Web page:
SaGa Frontier Remastered Review
The SaGa series has seen a resurgence in the west, with recent ports of Romancing SaGa 2 and 3, the western premiere of the formerly PlayStation Vita-exclusive SaGa Scarlet Grace: Ambitions, a new mobile title, and even a Nintendo Switch compilation of the Game Boy series known in the west as Final Fantasy Legend. Between the revitalization of the series and scarcity of the original title, Square Enix announced SaGa Frontier Remastered, previously released for the original PlayStation in the west in 1998. Widely considered a cult classic, SaGa Frontier represents the first exposure of the series to many RPGamers. With meaningful quality-of-life updates, notable additions to multiple storylines, including a new playable character, Square Enix has established a model for reintroducing nostalgic classics to modern audiences without diluting the essence of a wonderful, challenging, and sometimes confounding experience.
The player is immediately given the opportunity to choose one of several characters. This is not a standard RPG tale of strangers banding together to defeat a world-threatening terror. Rather, these are seven (eventually eight) personal journeys featuring questions of identity, destiny, belonging, and revenge. These disparate storylines are loosely woven throughout the game world with an emphasis on player choice in what is dubbed the “Free-Form Scenario.” In SaGa Frontier, there is no onboarding process or an airship to acquire twenty hours in. Instead, the journey truly is the destination, and the player is given control over nearly ever aspect of the narrative.
While each storyline varies in length and quality, all of them provide some level of non-linear exploration with a keen focus on sidequests and character recruitment. There are dozens of characters to recruit, some of whom may be crucial to the plot in one story but only uttering a sentence in another. It is common to pick up other major characters during a playthrough, even if they are irrelevant to the player character’s story. While some of the individual characters feature razor-thin backstories, it is thematically consistent that each character contributes to the overarching sense of smaller, individualized journeys that intersect more than intertwine.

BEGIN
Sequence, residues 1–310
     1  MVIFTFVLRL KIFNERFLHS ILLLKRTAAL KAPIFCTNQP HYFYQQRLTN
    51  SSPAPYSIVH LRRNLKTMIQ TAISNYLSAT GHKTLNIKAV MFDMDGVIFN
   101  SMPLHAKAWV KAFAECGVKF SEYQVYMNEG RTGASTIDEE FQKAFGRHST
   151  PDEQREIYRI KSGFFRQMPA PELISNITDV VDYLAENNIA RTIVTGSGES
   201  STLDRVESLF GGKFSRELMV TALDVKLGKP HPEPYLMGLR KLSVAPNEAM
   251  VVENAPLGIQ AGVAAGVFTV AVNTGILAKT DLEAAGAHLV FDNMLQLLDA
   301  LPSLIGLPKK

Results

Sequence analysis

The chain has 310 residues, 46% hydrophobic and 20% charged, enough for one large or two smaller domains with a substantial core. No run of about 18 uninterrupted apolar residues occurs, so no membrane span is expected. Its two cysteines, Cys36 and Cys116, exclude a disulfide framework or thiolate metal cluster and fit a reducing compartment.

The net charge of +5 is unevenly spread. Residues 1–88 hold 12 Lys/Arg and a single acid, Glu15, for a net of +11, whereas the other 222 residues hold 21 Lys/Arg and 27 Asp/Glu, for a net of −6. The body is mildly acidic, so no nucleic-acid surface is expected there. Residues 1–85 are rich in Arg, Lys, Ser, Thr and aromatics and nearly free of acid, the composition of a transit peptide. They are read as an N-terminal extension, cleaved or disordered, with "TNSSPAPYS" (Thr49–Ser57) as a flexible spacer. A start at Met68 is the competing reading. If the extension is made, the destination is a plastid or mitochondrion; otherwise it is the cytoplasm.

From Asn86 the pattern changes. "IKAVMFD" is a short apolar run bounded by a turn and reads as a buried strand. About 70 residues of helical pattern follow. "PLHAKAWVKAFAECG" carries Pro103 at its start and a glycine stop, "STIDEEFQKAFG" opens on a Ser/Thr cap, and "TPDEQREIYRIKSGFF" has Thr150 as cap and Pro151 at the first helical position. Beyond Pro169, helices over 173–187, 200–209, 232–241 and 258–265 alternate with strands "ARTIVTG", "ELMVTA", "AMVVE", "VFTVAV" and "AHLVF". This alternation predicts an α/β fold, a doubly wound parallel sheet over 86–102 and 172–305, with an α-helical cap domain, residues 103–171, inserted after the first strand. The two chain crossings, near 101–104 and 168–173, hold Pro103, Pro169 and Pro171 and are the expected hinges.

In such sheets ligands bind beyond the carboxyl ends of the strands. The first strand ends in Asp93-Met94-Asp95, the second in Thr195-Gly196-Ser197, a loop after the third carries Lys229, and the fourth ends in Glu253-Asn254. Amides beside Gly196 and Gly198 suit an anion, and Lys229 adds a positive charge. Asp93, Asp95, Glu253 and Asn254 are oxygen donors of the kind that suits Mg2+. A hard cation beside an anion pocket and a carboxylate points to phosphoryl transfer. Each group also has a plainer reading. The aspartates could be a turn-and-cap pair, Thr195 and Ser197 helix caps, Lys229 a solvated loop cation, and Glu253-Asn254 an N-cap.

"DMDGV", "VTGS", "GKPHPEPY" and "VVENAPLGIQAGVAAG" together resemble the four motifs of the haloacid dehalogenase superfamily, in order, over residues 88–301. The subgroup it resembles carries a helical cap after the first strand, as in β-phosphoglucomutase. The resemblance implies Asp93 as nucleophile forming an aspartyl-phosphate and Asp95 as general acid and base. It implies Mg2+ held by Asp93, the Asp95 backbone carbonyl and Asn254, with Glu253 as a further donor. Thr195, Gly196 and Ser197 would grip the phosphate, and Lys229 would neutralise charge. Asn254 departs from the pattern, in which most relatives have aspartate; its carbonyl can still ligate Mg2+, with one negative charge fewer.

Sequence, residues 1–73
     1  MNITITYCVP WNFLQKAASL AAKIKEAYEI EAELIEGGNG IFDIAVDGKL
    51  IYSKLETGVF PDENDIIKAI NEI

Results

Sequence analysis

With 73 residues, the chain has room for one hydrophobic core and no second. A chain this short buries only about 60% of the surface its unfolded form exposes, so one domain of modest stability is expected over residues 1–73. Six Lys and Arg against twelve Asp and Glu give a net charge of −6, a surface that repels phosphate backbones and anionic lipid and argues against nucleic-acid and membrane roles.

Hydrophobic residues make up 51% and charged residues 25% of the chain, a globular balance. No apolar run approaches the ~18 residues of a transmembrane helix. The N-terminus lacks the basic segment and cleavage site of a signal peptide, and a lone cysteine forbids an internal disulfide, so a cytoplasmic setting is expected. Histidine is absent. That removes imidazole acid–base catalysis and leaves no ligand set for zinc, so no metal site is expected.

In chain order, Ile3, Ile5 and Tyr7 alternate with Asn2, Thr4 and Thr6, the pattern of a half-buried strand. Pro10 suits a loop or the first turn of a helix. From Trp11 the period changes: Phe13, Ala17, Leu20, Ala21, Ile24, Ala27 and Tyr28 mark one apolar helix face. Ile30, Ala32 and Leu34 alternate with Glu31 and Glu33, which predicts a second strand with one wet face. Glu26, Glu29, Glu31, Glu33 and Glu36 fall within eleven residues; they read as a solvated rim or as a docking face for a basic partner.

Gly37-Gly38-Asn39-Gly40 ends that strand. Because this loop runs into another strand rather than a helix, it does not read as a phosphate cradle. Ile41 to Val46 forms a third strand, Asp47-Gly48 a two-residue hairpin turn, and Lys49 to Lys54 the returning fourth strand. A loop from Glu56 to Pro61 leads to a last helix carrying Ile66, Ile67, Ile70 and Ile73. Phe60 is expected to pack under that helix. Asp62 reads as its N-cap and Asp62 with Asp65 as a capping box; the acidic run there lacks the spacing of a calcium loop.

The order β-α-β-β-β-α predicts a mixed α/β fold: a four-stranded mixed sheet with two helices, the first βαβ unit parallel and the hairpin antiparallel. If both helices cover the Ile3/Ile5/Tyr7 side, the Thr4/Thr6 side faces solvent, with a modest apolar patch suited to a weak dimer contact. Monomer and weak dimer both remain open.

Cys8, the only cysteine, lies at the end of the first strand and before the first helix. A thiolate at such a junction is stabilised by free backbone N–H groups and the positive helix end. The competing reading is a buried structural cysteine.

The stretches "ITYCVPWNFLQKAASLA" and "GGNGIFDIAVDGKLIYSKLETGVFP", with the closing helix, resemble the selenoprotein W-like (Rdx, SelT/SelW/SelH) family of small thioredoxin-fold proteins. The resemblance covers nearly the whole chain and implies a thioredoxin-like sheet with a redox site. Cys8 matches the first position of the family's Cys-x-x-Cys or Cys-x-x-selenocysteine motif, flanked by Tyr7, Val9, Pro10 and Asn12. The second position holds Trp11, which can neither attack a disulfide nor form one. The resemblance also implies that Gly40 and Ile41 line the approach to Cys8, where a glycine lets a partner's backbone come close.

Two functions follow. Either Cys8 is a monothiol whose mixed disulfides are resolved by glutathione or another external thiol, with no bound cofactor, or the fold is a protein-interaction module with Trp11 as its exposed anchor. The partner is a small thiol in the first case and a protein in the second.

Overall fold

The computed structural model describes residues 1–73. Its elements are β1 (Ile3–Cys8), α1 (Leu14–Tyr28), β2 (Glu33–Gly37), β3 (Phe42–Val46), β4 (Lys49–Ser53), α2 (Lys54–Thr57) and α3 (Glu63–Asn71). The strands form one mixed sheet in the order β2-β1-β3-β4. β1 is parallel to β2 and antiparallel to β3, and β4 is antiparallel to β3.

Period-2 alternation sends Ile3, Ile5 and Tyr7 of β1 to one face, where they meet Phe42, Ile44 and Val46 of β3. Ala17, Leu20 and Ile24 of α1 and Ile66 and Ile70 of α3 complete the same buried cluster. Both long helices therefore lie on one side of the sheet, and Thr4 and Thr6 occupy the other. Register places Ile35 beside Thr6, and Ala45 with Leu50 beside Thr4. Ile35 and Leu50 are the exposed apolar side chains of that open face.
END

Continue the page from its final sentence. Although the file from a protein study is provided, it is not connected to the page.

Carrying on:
The Free-Form Scenario system ensures different players will get different experiences. The flow of individual storylines is uncomplicated, and the freedom offered to players grants wide possibilities. While some protagonists’ plotlines feature a good number of story sequences, other main characters can reach their final boss within hours or even minutes. In between main scenario quests, players are expected to complete sidequests, recruit party members, and engage in battle to learn new abilities and level up individual character attributes. The gameplay loop is relaxed and player-oriented, allowing for leisurely exploration and providing an organic sense of an unpredictable, open world.
This freedom is a double-edged sword: it is both thrilling and overwhelming to be adrift in a sea of choice. There are numerous “points of no return” in any given story with little to no warning, ranging from a fork in the story path to even precluding specific types of abilities (as certain types of magic will foreclose learning abilities of the opposing element). While meaningful player choice is appreciated, sometimes even a mundane choice may have massive implications for a player who almost certainly won’t know until it is too late. In this game, ignorance is costly bliss. While the SaGa series is known for unconventional gameplay, newcomers to the series may be blindsided by these particular quirks.
From a presentation standpoint, SaGa Frontier Remastered regularly underscores how poorly the original title has aged. SaGa Frontier seemed dated in 1998, with muddled 2D backgrounds, ugly menu backgrounds, and a dreadful font. The remastered graphics strike a delicate balance between acknowledging nostalgia while embracing modernity. While some purists may be unsettled by the new direction in this remaster, the graphical improvements to the backgrounds, character models, menus, and even font are a significant boon for the title’s overall presentation and accessibility. Menus are sleek and refined, while character models maintain their nostalgic charm, even if their original jagged 16-bit sprites have been smoothed out. Enemy models are also cleaned up, though the results are not quite as successful when compared to the character models, as some enemy designs are not as clear. Series staple Kenji Ito returns to provide an eclectic score that effectively captures the many different regions in the game, which are coupled with a wide range of energetic battle themes. There are only a few new tracks added for the remaster, but they sound right at home.
Battles in SaGa Frontier Remastered have the veneer of an ordinary turn-based battle system, but underneath is a bevy of deep mechanics. While there are no numbered levels assigned to player progress, there still is a staggering amount of attributes and numbers to manage, especially in close combat. When a character runs out of hit points, they are knocked out but can be resuscitated through healing magic or items. If they continue to sustain damage, they lose Life Points and eventually become incapacitated until those Life Points are restored. While there are no formal magic points, there are still Weapon Points and Job Points for specific abilities to keep in mind. While all this math seems like a lot to keep track of, battles have an incredible rhythm that sustains the battle system for dozens of hours.